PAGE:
Nov 10, 2022 - Politics & Policy

Democrats make quiet history with state-level gains

Illustration of confetti falling on a voting booth.

Illustration: Shoshana Gordon/Axios

Overlooked amid frantic punditry about the "red ripple" in Congress: Democrats quietly won and defended majorities in state legislatures across the country, weakening GOP power on issues at the heart of the national political debate.

Why it matters: State legislative races are on pace to be the highlight of the Democratic ballot. If Democrats hold on to Nevada, this will be the first time the party in power hasn't lost a single chamber in a midterms year since 1934, according to the Democratic Legislative Campaign Committee.

The big picture: The partisan battles over democracy and abortion rights — the two issues that dominated Democratic messaging this cycle — are shaped at the state level.

  • Republicans have controlled more state legislative seats than Democrats for more than a decade straight, thanks in large part to a deliberate strategy the GOP hatched in 2010 to dominate the redistricting process.
  • Even after Democrats' stunning gains, Republicans still control more states and will have more total legislative seats. But this election shows Democrats are committed to playing the long game, says Daniel Squadron, founder of The States Project.

State of play: Democrats defended their state-level majorities in Massachusetts and Maryland and won governor seats left open after Republican retirements, securing a "trifecta" in both states. Helmed by a historic $50M investment from the DLCC, they also kept the Maine legislature, the New Mexico and Colorado state Houses, and secured a supermajority in both chambers in Vermont (which has a GOP governor).

What we're watching: Arizona, where Republicans have a narrow two-seat majority in both chambers, was another top target for Democrats. It's still early in the state's vote-counting process, but Democrats told Axios they're hopeful their winning streak will continue there.

  • In Pennsylvania, Democrats are just one seat away from flipping the state House.

The backdrop: Outside Dem groups — fueled by Republican threats to abortion rights and fair election processes — made unprecedented investments in state legislative races this cycle.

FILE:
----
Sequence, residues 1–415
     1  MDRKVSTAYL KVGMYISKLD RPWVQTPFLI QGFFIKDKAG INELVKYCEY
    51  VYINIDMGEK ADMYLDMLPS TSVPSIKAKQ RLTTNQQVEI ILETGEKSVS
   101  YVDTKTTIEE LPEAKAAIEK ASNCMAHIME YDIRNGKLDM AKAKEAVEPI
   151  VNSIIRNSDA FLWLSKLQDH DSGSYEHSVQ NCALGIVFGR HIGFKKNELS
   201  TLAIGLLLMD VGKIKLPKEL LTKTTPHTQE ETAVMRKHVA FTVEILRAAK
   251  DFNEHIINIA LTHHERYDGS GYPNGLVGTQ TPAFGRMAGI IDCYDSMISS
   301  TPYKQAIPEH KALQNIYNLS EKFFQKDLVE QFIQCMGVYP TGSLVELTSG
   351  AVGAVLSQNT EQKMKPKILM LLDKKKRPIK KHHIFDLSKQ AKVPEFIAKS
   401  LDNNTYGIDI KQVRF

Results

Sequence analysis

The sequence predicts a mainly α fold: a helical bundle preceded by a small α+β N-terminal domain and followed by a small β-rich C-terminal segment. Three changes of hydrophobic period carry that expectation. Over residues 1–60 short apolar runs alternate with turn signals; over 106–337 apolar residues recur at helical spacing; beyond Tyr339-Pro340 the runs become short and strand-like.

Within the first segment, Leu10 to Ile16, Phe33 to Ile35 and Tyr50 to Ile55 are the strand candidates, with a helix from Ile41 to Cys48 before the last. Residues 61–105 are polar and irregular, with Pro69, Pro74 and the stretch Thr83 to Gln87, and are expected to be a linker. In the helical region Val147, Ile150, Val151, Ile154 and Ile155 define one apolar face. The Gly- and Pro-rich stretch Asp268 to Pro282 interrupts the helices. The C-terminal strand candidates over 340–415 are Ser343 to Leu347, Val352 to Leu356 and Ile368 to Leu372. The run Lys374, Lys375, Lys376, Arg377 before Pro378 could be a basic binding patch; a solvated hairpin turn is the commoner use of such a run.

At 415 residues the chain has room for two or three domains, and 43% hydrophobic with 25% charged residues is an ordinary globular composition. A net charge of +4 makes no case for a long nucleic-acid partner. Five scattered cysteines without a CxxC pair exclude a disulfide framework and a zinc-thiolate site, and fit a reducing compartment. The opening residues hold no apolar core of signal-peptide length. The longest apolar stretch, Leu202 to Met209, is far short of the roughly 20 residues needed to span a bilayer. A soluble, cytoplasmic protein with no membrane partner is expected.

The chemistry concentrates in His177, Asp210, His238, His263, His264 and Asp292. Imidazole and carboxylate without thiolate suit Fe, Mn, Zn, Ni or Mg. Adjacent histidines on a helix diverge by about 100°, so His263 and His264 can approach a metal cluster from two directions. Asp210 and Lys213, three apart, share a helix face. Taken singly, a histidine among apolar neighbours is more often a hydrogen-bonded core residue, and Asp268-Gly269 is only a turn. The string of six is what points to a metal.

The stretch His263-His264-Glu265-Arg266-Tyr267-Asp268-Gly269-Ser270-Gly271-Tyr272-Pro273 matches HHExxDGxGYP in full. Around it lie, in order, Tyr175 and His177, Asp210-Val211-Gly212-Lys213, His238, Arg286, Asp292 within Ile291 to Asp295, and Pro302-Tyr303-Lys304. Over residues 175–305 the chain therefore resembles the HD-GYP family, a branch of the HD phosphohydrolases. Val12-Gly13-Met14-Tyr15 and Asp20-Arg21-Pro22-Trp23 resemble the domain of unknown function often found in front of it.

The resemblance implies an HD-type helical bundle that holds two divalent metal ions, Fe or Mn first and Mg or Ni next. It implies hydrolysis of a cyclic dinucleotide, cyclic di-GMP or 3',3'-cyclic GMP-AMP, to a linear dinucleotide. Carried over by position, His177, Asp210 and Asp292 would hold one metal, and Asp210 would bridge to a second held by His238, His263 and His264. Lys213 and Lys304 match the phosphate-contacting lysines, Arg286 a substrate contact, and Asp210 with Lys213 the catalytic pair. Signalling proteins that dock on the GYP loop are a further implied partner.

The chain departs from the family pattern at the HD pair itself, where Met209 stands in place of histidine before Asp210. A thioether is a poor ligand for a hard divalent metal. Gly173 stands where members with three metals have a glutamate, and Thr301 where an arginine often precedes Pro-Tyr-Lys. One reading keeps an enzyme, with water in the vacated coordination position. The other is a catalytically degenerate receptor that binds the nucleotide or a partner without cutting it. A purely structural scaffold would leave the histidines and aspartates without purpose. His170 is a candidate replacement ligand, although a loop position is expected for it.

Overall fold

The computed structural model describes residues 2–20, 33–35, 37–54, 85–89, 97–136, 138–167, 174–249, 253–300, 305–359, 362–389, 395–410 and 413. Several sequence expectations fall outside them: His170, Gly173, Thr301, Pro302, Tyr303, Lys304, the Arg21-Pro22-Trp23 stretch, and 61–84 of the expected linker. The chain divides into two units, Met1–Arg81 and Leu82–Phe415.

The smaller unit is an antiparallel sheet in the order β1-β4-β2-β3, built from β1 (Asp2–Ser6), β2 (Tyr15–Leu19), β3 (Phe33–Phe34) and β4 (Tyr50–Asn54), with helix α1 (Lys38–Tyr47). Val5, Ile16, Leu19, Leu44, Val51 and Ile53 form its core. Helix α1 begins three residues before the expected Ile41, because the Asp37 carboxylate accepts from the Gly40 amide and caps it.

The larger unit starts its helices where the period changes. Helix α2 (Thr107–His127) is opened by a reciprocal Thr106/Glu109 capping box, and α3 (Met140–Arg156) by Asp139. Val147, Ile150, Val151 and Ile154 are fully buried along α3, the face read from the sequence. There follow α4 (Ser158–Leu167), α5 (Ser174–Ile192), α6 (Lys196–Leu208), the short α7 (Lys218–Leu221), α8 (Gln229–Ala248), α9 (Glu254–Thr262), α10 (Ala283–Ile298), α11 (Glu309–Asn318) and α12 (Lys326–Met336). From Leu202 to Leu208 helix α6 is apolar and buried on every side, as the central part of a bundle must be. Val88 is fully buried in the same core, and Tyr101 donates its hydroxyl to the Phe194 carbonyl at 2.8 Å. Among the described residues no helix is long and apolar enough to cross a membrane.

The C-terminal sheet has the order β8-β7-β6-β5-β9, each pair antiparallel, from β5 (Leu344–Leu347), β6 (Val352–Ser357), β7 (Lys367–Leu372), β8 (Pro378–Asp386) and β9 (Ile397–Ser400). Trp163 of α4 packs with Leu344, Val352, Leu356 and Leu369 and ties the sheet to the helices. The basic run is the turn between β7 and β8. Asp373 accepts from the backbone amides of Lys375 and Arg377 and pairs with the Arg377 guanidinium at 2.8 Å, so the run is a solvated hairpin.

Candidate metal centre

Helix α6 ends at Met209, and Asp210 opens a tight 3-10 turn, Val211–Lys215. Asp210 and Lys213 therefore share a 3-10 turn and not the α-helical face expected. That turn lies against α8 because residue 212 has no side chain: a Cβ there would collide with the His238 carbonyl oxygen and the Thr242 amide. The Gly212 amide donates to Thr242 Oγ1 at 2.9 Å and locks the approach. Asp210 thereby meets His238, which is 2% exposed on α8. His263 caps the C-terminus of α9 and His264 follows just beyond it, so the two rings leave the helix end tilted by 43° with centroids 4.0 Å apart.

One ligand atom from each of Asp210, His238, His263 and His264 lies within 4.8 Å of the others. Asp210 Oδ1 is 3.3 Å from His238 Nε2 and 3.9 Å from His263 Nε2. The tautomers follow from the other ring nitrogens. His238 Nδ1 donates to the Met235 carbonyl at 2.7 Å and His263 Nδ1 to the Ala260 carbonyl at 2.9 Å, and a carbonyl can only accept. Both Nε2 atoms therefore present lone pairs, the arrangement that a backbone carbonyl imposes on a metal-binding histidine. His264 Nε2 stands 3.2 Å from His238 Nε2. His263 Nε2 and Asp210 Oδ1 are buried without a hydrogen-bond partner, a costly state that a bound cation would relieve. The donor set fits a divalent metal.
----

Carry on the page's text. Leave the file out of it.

• Two groups, The States Project and the National Democratic Redistricting Committee (NDRC), poured millions into state races in the final four weeks of the election. They targeted races with thin margins in Arizona, Colorado, New Hampshire, Michigan and Pennsylvania.
  • Forward Majority, a Democratic super PAC focused on the states, invested over $20 million this cycle targeting 25 seats in Michigan, Pennsylvania and Arizona.
  • "We're clawing our way back to power after 50 years of investment for Republicans and so much neglect for so long by the Democratic Party," said Forward Majority's president Vicky Hausman.

When the group launched in 2017, it helped Democrats take 12 state legislative seats from Republicans in Virginia through an innovative $1 million campaign.

  • Michigan state Sen. Mallory McMorrow said she raised more than $2 million over the last six months to help flip the Michigan Senate.
  • Jessica Alter, co-founder of Tech for Campaigns, which supports down-ballot Democratic candidates in battleground states, told Axios the momentum is a result of long-term investment — not just spending this cycle.

Between the lines: Democrats point to the independent redistricting commissions in states like Michigan as critical to enabling the party to pick up state legislative seats.

  • "We started the redistricting process with the theory of the case that if maps are fair and if Democrats can compete, then Democrats can win. That played out" on Nov. 8, said NDRC president Kelly Burton.

The other side: Republicans secured some significant wins too, including a veto-proof supermajority in Florida as well as supermajorities in the North Carolina Senate, Wisconsin Senate, Iowa Senate and South Carolina House, Republican State Leadership Committee communications director Andrew Romeo told Axios in a statement.

What to watch: The state-level efforts have major national implications. If Arizona flips, the number of Electoral College votes under full Republican control would decline from 307 to less than the required 270 for a presidential election.

  • The U.S. Supreme Court will soon hear arguments in a monumental case concerning the once-fringe "independent state legislature theory."
  • The conservative court could allow partisan state legislatures to unilaterally set the rules for federal elections as soon as 2024 — even if they result in partisan gerrymandering or violate state constitutions.
  • Some fear it could open the door for states to choose slates of electors who cast their ballot against voters' wishes, as former President Trump and his allies attempted to do in their efforts to overturn the 2020 election.
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